In Japan, comparing and contrasting tourist attractions with other, more recognized destinations has become somewhat of a vogue. As an example, “Come to Okinawa, it’s the Hawaii of Japan!” or “Visit Kagoshima, it’s Naples of the East!”
Even though it’s a shame that any of these places are marketed as little more than a cheap replica of somewhere else, this list does highlight Japan’s incredible diversity. There are very few areas in the world where one section can claim to be the Galapagos and another the French Alps.
After much deliberation, here are just a handful spots in Japan you probably didn’t know existed…
Hawaii and Japan’s Okinawa islands share a striking resemblance. In my opinion, it’s just too much. Hawaiian clothing, Hawaiian pancake shops, Hawaiian this, Hawaiian that… Tiki interpretations of renowned pop songs still haunt me after three months there.
Okinawa, you have a wonderful culture all your own! Keep it out of the Hawaiian skirt and don’t refer to it as a pineapple any longer.
Huis Ten Bosch in Nagasaki Prefecture is an odd locale to include in this list. Hoofdhuis Ten Bosch is a Dutch theme park with life-sized replica Dutch buildings, parks, hotels, and houses as well as canals and gardens. As long as it’s in Dutch, you may find anything here!
Why? You may have a question about this. Considering that Nagasaki used to be the only site in Japan where foreign traders could live and conduct business (although on a manufactured island in Nagasaki Bay), there has long been a Dutch and Portuguese influence in the area. However, I’ll keep you posted if I hear anything about the creation of a “Casa Na Floresta”.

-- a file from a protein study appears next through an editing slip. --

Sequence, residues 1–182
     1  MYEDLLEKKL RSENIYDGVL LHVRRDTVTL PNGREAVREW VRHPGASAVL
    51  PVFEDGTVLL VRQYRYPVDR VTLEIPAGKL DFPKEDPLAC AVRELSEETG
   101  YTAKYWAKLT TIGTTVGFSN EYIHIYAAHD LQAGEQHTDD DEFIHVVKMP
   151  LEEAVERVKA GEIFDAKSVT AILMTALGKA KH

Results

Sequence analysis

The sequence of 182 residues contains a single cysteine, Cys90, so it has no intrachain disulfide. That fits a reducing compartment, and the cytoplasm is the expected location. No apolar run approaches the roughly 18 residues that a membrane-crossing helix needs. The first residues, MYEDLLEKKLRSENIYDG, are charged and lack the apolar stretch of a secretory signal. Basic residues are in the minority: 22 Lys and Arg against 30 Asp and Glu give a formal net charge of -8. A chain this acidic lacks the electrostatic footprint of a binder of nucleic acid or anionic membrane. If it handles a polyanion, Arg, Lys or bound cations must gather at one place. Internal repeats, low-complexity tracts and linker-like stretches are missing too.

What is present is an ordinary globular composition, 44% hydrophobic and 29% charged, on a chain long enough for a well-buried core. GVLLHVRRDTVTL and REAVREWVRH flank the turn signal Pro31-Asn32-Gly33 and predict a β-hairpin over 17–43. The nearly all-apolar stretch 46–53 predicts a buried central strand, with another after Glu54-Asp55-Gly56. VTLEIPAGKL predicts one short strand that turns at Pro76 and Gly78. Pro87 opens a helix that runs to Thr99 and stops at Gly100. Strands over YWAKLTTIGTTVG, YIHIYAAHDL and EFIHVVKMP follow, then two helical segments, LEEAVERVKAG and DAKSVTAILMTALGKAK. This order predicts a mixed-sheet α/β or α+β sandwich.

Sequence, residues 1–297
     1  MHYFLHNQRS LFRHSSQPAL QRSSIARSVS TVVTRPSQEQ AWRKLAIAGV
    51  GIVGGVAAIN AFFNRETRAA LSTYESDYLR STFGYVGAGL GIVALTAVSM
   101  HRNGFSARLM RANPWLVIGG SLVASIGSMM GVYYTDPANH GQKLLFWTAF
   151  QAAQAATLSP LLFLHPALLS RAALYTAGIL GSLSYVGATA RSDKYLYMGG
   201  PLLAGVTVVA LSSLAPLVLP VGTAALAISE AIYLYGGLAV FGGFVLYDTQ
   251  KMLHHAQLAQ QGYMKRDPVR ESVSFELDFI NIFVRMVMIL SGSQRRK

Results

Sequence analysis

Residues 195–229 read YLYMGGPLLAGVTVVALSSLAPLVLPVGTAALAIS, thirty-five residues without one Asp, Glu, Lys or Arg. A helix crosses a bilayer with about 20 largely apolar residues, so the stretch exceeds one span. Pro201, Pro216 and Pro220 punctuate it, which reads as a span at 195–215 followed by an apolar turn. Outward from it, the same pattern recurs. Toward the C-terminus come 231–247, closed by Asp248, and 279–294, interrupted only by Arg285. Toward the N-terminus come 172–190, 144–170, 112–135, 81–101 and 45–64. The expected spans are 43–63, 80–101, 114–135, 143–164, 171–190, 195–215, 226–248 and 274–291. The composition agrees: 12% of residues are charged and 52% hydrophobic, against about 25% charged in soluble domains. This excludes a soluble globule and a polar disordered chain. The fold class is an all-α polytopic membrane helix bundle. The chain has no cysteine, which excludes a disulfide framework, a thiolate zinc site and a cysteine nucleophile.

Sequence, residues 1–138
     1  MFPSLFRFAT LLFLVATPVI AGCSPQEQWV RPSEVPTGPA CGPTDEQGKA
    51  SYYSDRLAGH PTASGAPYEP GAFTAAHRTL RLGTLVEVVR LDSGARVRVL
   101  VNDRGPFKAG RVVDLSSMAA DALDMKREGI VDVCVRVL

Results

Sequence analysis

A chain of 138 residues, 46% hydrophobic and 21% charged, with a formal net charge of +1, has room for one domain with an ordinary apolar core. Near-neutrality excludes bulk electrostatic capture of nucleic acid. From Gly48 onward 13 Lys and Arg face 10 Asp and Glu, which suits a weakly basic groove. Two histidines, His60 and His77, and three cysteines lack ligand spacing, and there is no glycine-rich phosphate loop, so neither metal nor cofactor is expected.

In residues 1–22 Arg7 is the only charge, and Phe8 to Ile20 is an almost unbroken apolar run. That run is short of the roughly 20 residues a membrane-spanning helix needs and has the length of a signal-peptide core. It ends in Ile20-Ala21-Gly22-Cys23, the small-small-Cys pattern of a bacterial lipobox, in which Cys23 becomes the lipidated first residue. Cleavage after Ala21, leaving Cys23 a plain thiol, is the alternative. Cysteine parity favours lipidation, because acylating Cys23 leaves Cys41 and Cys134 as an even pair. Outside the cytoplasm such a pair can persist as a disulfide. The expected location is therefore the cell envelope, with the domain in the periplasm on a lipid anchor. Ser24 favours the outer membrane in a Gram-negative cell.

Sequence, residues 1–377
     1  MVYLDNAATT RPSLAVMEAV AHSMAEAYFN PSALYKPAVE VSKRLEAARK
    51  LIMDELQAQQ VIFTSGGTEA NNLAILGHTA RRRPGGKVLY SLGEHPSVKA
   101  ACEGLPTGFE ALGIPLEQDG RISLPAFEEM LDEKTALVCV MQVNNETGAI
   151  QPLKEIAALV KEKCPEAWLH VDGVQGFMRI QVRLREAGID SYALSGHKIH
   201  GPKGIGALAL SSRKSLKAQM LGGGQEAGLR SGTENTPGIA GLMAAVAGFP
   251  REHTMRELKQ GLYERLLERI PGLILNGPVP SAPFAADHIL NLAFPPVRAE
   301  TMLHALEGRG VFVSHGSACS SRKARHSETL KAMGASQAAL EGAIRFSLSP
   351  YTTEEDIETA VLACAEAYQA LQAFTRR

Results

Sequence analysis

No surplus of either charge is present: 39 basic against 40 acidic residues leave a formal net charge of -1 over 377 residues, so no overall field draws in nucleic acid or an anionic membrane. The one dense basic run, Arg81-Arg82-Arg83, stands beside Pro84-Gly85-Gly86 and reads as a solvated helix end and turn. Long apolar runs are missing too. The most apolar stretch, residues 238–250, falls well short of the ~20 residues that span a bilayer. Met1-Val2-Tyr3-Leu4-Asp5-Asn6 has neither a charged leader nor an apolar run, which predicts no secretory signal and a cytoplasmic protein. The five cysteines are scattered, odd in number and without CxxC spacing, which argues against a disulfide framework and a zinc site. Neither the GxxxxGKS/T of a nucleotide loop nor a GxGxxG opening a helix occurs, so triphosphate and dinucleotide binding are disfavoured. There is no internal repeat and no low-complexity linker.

As a result, “Venice of the East” has been given to a wide range of cities in Japan, from Kyoto to Kurashiki, via Hiroshima and Kagoshmi to Sakai and Matsue — and probably more if you bother to look. Phew. It’s no secret that Japan aspires to emulate Venice.
After World War II, the city’s waterways played a major role in its development as a major centre of power in feudal Japan, earning Osaka the nickname “The Water City.” Visitors today, on the other hand, will be sorely disappointed if they expect to find a little piece of Venice.
More convincing contenders include Matsue, sandwiched between two lakes, and Kurashiki, with its old-fashioned canals lined with weeping willows. However, Ine Bay in Kyoto Prefecture may be the most convincing “Venice of Japan.”
While Takeda Castle may not be as large or as dramatic as Machu Picchu, it is no less impressive and shares more similarities with its ancient Inca namesake than you might expect. Takeda Castle was built in 1441 and Machu Picchu in 1450, and both were abandoned after about a century of use. Each site is atop steep hills, often above the clouds, but Machu Picchu has a distinct advantage: at 2,430 meters, it is more than two kilometers higher than Takeda. That’s a lot of information to digest.
In spite of the fact that locals refer to it as Japan’s “Miami Beach,” it’s difficult to draw comparisons between Enoshima Beach in Kamakura and the setting of Miami Vice and Scarface. There’s not much else I can think of besides the beach…